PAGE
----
Screening of Plants for the Phytoremediation of Zinc from Dir Lower, Khyber Pakhunkhwa, Pakistan
By: Muhammad Anwar Sajad, Muhammad Saleem Khan, Abdul Naeem, Hazrat Ali
Key Words: Phytoremediation, Phytoextraction, Phytostabilization, Zinc metal.
J. Bio. Env. Sci. 8(5), 206-218, May 2016.Certificate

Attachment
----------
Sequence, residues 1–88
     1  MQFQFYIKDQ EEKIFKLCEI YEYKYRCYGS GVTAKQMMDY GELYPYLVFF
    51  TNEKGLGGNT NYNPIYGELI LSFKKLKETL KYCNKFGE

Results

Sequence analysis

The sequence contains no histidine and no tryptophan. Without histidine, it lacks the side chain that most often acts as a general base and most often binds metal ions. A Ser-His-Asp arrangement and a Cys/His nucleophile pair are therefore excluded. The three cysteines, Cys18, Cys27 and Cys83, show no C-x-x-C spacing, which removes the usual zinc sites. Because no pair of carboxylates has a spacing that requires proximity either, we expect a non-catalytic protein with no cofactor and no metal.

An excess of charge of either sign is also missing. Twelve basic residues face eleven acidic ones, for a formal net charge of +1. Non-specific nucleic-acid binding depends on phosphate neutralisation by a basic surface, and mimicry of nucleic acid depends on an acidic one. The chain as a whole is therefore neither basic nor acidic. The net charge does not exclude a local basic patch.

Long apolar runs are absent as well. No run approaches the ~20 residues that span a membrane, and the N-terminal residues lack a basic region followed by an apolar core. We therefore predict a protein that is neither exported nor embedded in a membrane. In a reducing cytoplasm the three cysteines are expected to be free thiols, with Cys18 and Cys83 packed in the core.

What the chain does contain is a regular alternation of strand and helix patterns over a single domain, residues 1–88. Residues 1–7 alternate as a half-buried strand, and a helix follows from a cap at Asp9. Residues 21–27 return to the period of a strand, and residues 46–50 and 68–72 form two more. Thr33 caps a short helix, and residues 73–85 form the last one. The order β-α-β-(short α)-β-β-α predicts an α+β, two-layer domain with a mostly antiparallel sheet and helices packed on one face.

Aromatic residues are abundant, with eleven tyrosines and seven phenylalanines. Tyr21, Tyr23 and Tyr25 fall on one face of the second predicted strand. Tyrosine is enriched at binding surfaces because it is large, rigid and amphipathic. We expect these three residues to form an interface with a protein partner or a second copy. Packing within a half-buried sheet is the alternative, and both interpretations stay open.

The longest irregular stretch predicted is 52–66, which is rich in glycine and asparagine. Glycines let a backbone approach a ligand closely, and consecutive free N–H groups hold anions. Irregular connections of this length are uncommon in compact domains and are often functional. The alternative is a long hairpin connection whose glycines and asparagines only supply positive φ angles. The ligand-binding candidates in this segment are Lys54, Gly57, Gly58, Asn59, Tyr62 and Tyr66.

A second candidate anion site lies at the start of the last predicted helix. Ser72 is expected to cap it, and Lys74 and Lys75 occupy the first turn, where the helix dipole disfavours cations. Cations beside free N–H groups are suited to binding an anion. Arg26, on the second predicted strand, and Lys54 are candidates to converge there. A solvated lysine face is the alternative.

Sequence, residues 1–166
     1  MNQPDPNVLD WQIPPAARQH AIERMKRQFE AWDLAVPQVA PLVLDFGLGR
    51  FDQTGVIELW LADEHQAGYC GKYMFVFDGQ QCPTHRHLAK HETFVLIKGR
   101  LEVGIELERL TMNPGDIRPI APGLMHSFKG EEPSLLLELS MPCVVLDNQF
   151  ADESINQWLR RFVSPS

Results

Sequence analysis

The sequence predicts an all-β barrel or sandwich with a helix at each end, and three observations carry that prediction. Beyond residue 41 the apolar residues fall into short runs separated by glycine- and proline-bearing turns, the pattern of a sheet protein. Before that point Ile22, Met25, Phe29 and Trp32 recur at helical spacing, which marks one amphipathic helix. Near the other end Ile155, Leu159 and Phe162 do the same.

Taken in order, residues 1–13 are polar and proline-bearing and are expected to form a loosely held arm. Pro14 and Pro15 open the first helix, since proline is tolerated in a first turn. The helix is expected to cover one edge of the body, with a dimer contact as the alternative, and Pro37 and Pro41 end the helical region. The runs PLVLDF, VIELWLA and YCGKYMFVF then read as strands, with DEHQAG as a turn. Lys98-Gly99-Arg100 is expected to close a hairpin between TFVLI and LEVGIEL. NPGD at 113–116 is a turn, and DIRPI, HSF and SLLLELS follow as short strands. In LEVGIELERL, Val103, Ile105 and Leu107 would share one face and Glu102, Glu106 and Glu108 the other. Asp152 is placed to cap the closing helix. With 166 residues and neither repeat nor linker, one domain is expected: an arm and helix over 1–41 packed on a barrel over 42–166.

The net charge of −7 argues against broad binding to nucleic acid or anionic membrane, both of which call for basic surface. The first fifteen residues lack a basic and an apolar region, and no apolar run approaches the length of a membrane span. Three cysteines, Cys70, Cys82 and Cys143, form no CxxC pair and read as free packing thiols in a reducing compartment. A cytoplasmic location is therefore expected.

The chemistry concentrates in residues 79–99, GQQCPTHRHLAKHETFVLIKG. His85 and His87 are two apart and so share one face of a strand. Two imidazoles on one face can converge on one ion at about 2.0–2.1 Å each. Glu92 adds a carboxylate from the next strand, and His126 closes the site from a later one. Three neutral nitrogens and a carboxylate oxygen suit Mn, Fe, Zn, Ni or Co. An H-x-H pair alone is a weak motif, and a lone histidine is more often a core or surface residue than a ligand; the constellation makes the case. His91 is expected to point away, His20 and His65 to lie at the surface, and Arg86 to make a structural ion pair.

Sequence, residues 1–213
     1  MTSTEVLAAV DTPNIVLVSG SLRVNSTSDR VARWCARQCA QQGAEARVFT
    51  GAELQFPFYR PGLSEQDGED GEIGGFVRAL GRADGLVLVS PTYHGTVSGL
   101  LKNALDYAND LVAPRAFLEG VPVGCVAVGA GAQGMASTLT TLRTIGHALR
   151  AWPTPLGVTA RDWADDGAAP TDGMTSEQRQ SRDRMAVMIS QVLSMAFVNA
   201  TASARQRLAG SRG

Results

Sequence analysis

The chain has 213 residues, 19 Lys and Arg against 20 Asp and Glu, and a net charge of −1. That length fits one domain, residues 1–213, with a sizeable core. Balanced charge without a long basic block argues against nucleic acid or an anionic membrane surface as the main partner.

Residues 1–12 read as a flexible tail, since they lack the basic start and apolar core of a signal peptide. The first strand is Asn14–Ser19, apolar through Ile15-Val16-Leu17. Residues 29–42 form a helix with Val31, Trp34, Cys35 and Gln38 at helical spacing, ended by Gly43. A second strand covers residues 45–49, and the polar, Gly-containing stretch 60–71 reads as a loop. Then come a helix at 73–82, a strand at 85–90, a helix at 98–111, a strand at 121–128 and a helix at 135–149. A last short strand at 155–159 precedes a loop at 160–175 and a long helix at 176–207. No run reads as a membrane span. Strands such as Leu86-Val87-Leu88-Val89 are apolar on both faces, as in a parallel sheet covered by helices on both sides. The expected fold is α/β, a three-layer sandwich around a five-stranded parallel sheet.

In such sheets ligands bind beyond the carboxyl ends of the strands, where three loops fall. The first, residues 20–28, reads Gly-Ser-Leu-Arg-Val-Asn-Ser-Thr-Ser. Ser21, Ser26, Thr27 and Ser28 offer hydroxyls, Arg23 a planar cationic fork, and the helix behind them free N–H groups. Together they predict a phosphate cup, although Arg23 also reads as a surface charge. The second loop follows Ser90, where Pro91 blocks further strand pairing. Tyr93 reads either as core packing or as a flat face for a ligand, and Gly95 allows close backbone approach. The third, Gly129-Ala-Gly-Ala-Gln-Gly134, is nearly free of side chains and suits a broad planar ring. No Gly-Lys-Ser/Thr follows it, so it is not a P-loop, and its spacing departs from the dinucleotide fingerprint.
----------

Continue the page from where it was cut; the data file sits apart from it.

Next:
Zinc can cause fatigue and dizziness. Its higher concentration induce observable toxicity symptoms in plant leaves as chlorosis and necrosis and reducing elongation of central root while promoting lateral roots formation. Changes in the concentration of macronutrients and reduction of water content in tissues are the other common toxicity effects of zinc. Ecological risk assessments often rely on toxicity thresholds for agronomic species, which may differ from those of restoration species. In the present research work sixty one wild plant species belongs to thirty families were collected and analyzed for the concentration of zinc metal. Present study was conducted to find out the uptake potential of zinc metal (Zn) of some plants grown in the research area and to screen plants for the phytoremediation of this metal.The total concentration of zinc in sixty one sites (soil), roots and shoots was found in the range of 3.07- 90.3, 10.13-56 and 3.87-90.9 mg/kg dry weight basis (DW) respectively. The highest zinc contents were present in the root of Medicago minima (L.) L. (56), Cerastium glomeratum Thuill. (50.2), Geranium rotundifolium L. (42.2) and in the shoot of Plantago lanceolata L. (90.9), Sanguisorba minor Scop. (79.8) as well as Erigeron canadensis L. (67.03). None of the plant species was identified as hyperaccumulator for zinc metal but based on Bioconcentration factors (BCFs), Translocation factors (TFs) and Bioaccumulation Coefficients (BACs) values most of the species showed feasibility for the phytoextraction and phytostabilization of zinc metal. Plantago lanceolata L., Sanguisorba minor Scop. and Erigeron canadensis L. are suggested for the phyto-extraction while Medicago minima (L.) L. and Cerastium glomeratum Thuill. are suggested for the phytostabilization of Zinc.